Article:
The latest government reforms to assist children with Special Educational Needs (SEN) are contained within the Children and Families Bill which is currently progressing through Parliament. According to an article in ‘Children and Young People Now’ Edward Timpson, the childrens Minister has said the plan to replace SEN statements with single education, health and care plans could not be offered to children in custody because it would “conflict with existing comprehensive statutory provisions”. As Labour’s shadow children’s minister Sharon Hodgson pointed out during a parliamentary debate many inmates of young offender institutions required SEN support and cited research that showed 18% of young offenders have a statement, compared to 2%-3% of the general population. This figure is surely a very conservative one as many of the young people who are held in a YOI are also those who have missed out on the early stages of education within the mainstream.
You and I are the people who will be expected to pay for the education provided to all children whether in a state school or in a YOI. Ensuring our children receive the most appropriate type of education is vital if we are to obtain value for this enormous investment. If 6 times the number of children within our YOIs have statements when compared to the wider population, then we must find a way to ensure they benefit from this new legislation. If the reason given by Edward Timpson for this omission is that prisoners must be receive comprehensive services, then we need to change to rules (or indeed do an analysis to see if offering SEN services to all residents of a YOI would be a good return on our investment). There is a possibility that the children’s Minister is being disingenuous and that this is a matter of funding. If so this is a short sighted approach. There is extensive research that shows that those who leave prison without education attainment and without work, are far more likely to reoffend than those who do. If this is about saving money, it is a false economy and we as the paymasters need to realise we would benefit from giving these young people an effective education rather than pay a much greater price for their lack of education.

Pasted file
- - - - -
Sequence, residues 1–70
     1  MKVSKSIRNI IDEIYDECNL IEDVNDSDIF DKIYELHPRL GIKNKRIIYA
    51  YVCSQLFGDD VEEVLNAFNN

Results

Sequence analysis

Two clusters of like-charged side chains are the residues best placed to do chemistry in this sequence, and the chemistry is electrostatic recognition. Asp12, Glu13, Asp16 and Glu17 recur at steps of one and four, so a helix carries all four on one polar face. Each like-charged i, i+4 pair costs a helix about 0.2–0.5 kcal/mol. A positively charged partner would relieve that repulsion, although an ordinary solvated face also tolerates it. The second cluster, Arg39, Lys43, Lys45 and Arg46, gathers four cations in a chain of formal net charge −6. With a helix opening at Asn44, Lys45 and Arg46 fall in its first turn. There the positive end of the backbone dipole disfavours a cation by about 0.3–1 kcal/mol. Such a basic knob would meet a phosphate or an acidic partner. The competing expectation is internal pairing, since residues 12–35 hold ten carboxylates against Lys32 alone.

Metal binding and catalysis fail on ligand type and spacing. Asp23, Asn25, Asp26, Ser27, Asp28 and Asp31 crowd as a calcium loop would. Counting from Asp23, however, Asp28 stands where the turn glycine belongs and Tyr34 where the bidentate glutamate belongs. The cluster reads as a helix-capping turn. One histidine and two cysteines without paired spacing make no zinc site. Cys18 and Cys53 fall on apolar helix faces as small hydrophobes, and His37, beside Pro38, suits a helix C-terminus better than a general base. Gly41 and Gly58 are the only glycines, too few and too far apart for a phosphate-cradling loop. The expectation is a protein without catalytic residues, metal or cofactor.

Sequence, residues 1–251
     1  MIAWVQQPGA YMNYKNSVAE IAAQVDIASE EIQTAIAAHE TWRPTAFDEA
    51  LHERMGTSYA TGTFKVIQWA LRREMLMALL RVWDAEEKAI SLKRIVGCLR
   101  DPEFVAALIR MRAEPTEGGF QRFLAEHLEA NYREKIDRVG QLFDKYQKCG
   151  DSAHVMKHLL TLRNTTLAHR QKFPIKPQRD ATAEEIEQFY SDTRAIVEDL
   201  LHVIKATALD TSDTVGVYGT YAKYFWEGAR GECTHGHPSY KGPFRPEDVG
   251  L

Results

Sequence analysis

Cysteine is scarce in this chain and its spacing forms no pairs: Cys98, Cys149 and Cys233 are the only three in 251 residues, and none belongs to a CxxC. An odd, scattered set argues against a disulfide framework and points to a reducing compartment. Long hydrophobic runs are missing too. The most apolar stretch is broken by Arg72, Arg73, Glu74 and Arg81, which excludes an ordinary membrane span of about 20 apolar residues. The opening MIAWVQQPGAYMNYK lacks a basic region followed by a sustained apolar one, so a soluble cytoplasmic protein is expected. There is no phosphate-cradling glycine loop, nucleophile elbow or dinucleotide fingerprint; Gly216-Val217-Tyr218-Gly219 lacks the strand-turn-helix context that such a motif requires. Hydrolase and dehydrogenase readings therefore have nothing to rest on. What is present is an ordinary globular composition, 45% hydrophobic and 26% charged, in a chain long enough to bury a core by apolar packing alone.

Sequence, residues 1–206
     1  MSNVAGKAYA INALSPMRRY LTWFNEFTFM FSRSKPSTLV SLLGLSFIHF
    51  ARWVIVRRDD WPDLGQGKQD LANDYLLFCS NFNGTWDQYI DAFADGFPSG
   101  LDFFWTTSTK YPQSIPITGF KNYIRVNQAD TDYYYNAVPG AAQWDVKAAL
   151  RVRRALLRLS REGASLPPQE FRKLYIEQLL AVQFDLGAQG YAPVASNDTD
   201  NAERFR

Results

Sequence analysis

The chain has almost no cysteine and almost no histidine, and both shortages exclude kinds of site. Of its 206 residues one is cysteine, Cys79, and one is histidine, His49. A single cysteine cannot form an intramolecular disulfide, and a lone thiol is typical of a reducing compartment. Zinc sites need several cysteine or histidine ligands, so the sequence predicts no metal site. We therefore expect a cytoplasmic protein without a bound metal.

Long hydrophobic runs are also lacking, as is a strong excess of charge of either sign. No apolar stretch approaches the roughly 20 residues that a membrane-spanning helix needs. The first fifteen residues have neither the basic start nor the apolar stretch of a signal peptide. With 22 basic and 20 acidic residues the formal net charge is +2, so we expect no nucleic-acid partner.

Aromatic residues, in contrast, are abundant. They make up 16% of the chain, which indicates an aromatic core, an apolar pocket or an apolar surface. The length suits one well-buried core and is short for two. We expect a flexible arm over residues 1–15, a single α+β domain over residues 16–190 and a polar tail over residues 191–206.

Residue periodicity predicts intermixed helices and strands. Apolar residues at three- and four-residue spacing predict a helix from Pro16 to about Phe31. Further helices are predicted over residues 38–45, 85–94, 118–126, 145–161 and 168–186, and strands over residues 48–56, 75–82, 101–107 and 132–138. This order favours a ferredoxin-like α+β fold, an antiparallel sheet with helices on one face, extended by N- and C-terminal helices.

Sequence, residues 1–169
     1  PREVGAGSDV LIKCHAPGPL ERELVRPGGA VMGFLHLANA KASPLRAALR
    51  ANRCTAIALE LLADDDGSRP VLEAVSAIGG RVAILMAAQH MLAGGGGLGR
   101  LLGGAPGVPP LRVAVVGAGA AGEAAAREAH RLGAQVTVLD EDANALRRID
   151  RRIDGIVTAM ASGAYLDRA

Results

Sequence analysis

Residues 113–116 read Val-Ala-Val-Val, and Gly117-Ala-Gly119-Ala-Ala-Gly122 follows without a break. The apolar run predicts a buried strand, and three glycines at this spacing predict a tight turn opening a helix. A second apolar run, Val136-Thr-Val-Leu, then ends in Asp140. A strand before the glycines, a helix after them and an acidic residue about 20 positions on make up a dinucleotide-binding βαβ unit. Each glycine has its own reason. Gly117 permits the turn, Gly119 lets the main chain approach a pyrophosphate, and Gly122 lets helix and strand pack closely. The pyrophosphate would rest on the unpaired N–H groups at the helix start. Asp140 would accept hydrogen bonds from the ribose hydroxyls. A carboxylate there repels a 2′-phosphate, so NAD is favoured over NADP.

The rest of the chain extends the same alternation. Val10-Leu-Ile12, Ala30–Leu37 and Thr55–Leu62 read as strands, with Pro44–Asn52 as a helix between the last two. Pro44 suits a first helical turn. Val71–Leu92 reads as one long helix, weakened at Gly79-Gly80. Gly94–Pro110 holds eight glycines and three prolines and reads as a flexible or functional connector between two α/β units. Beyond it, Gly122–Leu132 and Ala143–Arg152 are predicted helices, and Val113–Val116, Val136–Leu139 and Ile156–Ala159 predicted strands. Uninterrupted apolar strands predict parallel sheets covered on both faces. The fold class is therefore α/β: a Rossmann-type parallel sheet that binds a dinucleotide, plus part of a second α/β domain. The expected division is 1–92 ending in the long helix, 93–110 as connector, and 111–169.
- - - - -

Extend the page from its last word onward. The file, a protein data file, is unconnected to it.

There are a number of people and agencies that need to press this case and who should be articulating their views alongside Sharon Hodgson. They include the Tax Payers Alliance who should be making this argument on the grounds of investment. We need to invest an appropriate level of funding in the lives of these vulnerable young people now so that they are better prepared to contribute to society in a positive manner when they leave. The other group of people are the 41 Police and Crime Commissioners. Each one of them wants to reduce crime in their areas. Ensuring that these young people are properly educated when they leave the YOI will increase the prospects for this objective. However it remains to be seen if either the TPA or the PCCs are really concerned about young offenders!